More on Degrees of Freedom
When faced with the task of devising a control scheme for a process it
is necessary to know how many of the process variables am I entitled
to attempt to regulate. By process variables we mean temperatures,
pressures, compositions, flowrates or component flowrates. The answer
arrived at is known as the number of degrees of freedom.
This particular problem has exercised the minds of quite a few clever people
over the years. It is non-trivial if we start (as everyone did) by considering
all possible measurements. This is because not everything that
can be measured can be regulated independently. For example, if a
piece of equipment
has a single input input and a single output, only one of these can
be flow controlled, since a mass balance about the unit must be
maintained.
However, it is much easier to understand if we consider the number of
quantities we can adjust. Since in practice:
- all adjustments on a chemical plant are made by changing the
flow of a stream by means of a valve, and
- only one valve can be placed on any one pipe,
then the maximum number of adjustable quantities is the
same as the number of streams on the process flowsheet.
Hence the following are all the same:
- Number of streams
- Maximum number of adjustments
- Maximum number of control loops
- Maximum number of meaurements
This is the maximum number since some material balances will
balance automatically, e.g. a simple mixing tee. In this case
we do not need a control loop and valve are not required
on the stream and must not be put there for any other purpose.
However we must check that there is either an explicit (control loop)
or implicit (self regulating) mechanism to ensure that all mas balances
balance about each processing unit.
Where there are two or more phases in a unit, e.g. a liquid and a vapour,
we must maintain an interface between them, which is equivalent to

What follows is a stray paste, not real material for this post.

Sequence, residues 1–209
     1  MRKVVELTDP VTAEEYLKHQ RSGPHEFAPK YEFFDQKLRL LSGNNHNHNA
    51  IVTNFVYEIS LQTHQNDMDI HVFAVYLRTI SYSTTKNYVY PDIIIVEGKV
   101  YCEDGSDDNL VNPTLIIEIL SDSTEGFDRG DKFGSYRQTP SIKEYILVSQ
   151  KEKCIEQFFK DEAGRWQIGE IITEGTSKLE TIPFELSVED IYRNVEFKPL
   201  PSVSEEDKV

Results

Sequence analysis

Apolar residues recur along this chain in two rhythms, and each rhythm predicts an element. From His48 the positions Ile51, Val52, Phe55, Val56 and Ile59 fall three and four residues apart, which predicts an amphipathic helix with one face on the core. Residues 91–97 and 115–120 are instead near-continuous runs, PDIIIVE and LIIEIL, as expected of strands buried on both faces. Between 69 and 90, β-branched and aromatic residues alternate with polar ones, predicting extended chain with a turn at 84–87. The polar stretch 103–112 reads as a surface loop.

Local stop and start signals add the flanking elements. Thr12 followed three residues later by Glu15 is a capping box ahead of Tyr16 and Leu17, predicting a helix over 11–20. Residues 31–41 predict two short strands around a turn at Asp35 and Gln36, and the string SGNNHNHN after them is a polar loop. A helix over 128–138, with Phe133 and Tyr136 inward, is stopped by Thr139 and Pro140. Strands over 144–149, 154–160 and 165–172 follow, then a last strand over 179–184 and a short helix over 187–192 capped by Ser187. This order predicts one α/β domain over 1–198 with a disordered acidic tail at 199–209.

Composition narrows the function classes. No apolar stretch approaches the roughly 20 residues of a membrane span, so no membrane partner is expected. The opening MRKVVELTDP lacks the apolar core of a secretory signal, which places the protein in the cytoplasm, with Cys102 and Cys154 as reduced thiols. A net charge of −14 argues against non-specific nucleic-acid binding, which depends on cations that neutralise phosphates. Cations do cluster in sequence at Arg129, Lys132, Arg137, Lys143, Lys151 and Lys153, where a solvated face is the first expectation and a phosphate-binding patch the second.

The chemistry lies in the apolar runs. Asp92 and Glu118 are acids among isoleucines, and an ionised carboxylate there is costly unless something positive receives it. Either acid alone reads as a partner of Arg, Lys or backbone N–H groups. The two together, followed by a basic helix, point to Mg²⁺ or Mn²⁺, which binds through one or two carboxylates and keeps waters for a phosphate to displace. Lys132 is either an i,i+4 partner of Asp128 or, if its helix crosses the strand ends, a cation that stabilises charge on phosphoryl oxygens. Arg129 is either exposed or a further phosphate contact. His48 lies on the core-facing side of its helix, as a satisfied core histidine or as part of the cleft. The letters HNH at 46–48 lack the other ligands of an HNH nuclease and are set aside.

maintaining a mass balance on each phase. this will normally
require an interface level control system, although some devices,
such as distillation trays, are designed so that a hydaulic balance can
maintain the interface over a limited range of operation.
When counting streams, it is convenient to count utilities
such as cooling water and steam, as a single stream,
although they both enter and leave a unit. An incompressible
utility stream will have a self-regulating mass balance, and
steam heating coils and jackets are usually equipped with a
steam trap, a self contained device which maintains a steam-condensate
interface independent of other control systems.
Counting Degrees of Freedom
The fuller treatment of this concept describes how to count the degrees
of freedom for both individual units and complete processes. This
procedure is a means to an end, to enable the designer to determine
how many control systems must be provided.
In practice, it is better to work as follows. It is useful to determine
both the total number of control loops
(total count T) and the number of loops associated with
regulating `strategic' quantities, i.e. other than inventories,
interfaces and levels (strategic count, S).
- Count the total number of streams in the process; this
is the upper limit on the number of control systems required.
This is the initial value of both T and S.
Now look at each unit in turn.
- Each will require at
least one material balance:
- deduct 1 from S
- Note those which will have self-regulating
mass balances:
- deduct one from T
- Note where an interface level has to be maintained:
- deduct one from S
Finally:
- S is the number of required non-inventory loops
- T - S is the number of explicit inventoru loops
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to Start of Part 2: Further Developments